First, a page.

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Stuck in the muck - Six weeks after Ida, Lafitte still covered in mud

That thick sludge is clogging drains, culverts, and ditches, creating a mess as workers try and clear it out. No matter where you go you can’t escape it.

LAFITTE, La. — It’s gross, it smells, and there’s a lot of it. 

“At first it was like trying to walk in pudding a foot deep,” said Lafitte resident Kirk Fisher. “That’s just what it looked like, pudding.” 

For folks in Lafitte, the mud pushed in from Hurricane Ida still covers just about every single yard.  

“I sprayed the driveway down four times with the garden hose, took me four hours each time I did it,” said Fisher.

Fisher says he’s never seen mud like what he’s dealing with from a storm.  

“It’s like the swamp just moved to another place,” said Fisher.  

A month and half after Ida, Fisher can only keep his driveway and the area under his house mud free. 

“Not really much I can do out there,” said Fisher, pointing to his yard. “I don’t have the machinery for that.” 

That thick sludge is clogging drains, culverts, and ditches, creating a mess as workers try and clear it out. No matter where you go you can’t escape it.

“When it’s wet, if you try to come with a machine, you move it and it just comes right back where you took it from,” said Fisher.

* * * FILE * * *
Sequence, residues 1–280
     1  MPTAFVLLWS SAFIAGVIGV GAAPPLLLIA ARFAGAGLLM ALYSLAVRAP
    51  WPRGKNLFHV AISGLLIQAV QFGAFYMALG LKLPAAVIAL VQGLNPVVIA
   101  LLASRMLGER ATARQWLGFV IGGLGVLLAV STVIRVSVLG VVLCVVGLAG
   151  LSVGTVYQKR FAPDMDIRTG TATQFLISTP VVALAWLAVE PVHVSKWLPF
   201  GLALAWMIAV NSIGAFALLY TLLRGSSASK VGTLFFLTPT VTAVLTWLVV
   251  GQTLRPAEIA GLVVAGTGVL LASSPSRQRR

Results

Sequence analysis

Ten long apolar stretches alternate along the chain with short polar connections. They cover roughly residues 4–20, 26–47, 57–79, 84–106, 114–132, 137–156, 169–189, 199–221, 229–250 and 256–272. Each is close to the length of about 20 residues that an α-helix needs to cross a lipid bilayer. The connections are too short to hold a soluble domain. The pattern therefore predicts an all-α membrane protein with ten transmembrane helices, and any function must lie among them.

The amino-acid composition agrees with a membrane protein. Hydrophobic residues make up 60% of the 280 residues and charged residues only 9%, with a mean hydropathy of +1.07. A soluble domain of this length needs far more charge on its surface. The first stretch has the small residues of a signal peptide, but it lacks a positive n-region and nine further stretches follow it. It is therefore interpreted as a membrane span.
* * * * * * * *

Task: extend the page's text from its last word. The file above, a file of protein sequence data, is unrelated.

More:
Down the road from Fisher’s house, Jerry Bruce was born and raised here and says getting that mud out from under his house, was a chore 

“Under my house I had about a foot of mud,” said Bruce. “I’ve been here since Betsy and I’ve never seen a storm do what this one done.” 

Bruce says it’ll take years to recover from what Ida did and says all the mud in his yard will stay right where it is.  

“I’m keeping this mud. The good Lord gave it to me, I’m keeping it,” said Bruce. “That’s the way I look at it.” 

Not everyone wants to keep it around. Some folks say it’s holding up recovery, debris removal, and getting folks back in their homes.  

“They had people that couldn’t even get to their houses they had so much of it,” said Fisher.  

As some grass begins to grow out of the muck, folks around Lafitte hope it’s a sign the place they call home, will eventually do the same.   

Jefferson Parish leaders say the dry weather helps with cleaning out that mud.  Parish crews and contractors are using vacuum trucks and portable water pumps to help with drainage issues.  

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